Glacial Cycles and Palaeolithic Adaptive Variability on China's Western Loess Plateau

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Recently, Hill et al. (2009) argued that the last glacial cycle played a major role in the evolution of modern human behaviour, especially in the emergence of non-kin cooperation, the development of larger groups and the evolution of intensive technologies and subsistence strategies (see also Richerson et al. 2009). The advantages associated with these behaviours, they suggested, explain the trend toward increasing human dominance of global ecologies through the Terminal Pleistocene and Holocene. While certainly true in a temporal sense, the way cultural adaptations evolved in concert with the environmental changes associated with this cycle is anything but clear. While some posit more-or-less direct relationships between environmental productivity and behavioural changes (e.g. Ambrose 1998), several confounding factors cloud the issue, specifically: the increasingly complex picture of hominid biological evolution in Eurasia (e.g. Krause et al. 2010), catastrophic volcanism (Golovanova et al. 2010) and social factors like the effects of risk sensitivity and group size on innovation, learning and long-term cultural transmission (Henrich 2004; Morgan 2009).

Relative to this context, the goals of the research reported here are twofold. The first is to provide a descriptive summary of work conducted since 2002 by our team of Chinese and American researchers on China's Western Loess Plateau (WLP), where we have documented a record of human occupation spanning more than 80 000 years and most of the last glacial cycle. The second is to explore the relationship between major climatic shifts and variability in human technological, subsistence and settlement patterns. The idea here is to generate hypotheses that might identify causal connections between climate change, glacial cycling and the evolution of modern human behaviour in East Asia. This is a region that Norton and Jin (2009: 251) identify as critical to understanding the evolution of modern human behaviour, but which is woefully lacking in synthesis. This exploration begins with an overview of the regional palaeo environment and archaeology during the last glacial cycle, is followed by a summary of survey, excavation and analysis results and concludes with a consideration of the role of climate change in East Asian Palaeolithic cultural evolution.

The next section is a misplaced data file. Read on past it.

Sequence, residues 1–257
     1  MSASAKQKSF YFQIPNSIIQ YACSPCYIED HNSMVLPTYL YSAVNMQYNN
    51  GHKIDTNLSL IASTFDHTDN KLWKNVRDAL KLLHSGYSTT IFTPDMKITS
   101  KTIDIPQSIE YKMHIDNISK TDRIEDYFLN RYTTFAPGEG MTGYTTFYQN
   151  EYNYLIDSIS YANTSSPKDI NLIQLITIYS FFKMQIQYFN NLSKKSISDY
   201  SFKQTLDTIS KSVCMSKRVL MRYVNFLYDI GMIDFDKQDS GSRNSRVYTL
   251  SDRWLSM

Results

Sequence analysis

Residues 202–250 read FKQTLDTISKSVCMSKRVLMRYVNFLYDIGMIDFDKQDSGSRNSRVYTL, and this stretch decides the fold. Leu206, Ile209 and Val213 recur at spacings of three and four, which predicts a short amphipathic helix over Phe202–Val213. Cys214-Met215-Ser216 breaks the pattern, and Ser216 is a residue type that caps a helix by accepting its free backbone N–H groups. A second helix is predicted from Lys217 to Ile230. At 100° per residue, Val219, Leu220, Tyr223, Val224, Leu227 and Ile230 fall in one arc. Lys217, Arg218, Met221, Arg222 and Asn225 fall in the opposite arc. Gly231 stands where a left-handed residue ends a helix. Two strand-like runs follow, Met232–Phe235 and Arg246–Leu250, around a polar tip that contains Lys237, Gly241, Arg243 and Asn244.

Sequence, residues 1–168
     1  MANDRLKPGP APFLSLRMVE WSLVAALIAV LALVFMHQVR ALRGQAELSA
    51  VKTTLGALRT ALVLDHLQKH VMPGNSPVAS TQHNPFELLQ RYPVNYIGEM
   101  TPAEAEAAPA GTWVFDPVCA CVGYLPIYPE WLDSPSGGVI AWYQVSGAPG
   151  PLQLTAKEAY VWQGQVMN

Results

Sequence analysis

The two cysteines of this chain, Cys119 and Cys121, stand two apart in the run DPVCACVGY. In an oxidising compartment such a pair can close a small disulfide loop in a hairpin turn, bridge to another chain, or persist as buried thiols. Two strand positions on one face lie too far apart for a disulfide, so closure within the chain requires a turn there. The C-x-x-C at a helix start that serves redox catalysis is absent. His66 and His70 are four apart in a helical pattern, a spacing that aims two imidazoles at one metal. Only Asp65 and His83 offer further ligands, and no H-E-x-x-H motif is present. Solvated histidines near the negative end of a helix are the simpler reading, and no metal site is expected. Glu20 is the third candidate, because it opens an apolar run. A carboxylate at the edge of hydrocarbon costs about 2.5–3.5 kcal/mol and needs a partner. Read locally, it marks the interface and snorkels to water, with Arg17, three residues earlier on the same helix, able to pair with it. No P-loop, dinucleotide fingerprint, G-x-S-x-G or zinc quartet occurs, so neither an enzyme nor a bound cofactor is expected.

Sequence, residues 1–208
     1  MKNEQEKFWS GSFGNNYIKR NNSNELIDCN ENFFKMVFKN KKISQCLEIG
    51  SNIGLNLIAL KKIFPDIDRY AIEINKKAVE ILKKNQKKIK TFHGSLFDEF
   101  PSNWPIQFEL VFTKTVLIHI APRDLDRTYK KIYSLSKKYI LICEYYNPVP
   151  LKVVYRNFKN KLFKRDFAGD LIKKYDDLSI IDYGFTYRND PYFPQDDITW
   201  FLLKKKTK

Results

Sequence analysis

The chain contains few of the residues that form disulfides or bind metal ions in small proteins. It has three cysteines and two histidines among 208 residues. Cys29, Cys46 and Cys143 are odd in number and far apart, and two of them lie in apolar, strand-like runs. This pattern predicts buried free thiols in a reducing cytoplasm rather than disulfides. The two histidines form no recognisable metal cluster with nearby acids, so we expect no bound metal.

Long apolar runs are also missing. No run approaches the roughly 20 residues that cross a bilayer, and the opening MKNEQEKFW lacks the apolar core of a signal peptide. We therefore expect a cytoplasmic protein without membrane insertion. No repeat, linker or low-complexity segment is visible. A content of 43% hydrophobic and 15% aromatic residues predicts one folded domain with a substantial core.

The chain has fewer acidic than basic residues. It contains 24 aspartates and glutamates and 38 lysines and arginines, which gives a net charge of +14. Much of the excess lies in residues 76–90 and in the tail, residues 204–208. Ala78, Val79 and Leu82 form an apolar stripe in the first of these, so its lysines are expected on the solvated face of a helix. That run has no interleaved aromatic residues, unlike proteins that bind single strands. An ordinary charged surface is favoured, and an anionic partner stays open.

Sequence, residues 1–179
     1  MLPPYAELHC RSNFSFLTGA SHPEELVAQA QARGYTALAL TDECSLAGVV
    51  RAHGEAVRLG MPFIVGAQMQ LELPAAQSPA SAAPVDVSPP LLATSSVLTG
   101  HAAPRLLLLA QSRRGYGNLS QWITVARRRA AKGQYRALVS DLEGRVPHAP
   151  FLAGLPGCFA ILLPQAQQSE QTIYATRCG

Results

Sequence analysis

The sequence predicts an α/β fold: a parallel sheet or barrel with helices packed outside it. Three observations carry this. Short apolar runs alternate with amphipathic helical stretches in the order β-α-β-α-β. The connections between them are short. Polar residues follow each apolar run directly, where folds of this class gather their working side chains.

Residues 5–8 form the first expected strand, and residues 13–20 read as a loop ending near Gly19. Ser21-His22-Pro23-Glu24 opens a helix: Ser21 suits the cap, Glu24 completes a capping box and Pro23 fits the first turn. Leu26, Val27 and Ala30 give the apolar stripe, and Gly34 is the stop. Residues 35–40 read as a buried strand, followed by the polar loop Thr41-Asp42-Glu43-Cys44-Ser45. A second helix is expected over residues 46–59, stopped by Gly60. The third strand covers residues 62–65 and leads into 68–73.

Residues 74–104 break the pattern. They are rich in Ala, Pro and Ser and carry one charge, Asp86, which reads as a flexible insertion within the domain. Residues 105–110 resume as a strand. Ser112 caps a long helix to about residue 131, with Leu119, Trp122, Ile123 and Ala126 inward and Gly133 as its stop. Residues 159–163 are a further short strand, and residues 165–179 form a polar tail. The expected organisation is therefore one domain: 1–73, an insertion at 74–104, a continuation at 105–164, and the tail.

Late Quaternary climate, environment and archaeology in north-east Asia

The last glacial cycle spans the MIS5 interglacial through the MIS2 stadial (i.e. the Last Glacial Maximum [LGM]), roughly 130 to 18 kya (Table 1). MIS5 is marked by pronounced climatic variability (Feng & Wang 2006), warm-wet phases and a northward advance of temperate forest/steppe biomes. The shift from warmer-wetter MIS5 interglacial biomes to cold, wet glacial conditions during early MIS4 resulted in the expansion of coniferous forests at the expense of deserts across the WLP (Feng et al. 1998), a trend which reversed after ~60 kya with the transition to MIS3. At this time the forests of the WLP gave way to a forest-steppe patchwork, with broadleaf taxa gradually supplanting coniferous ones (Feng et al. 2007). Across East Asia, technology was remarkably conservative from ~50-13 kya, dominated by an expedient core/flake industry using mostly locally-available and abundant raw materials (Ikawa-Smith 1978). Despite what appears to be technological continuity, however, relatively few archaeological sites or human fossils date between ~100-50 kya (Brown 2001), a phenomenon some attribute to regional abandonments associated with the MIS4 stadial (Ambrose 1998).

By the middle of MIS3 (~45 kya), winters were warmer, the summer phase of the East Asian monsoon was stronger, precipitation penetrated deeper inland (Yu et al. 2007) and wetlands developed across the WLP (Feng et al. 2007)--many containing archaeological sites (Ji et al. 2005). Late MIS3 saw a number of important cultural developments associated with what many consider to be the inception of modern human behaviour. …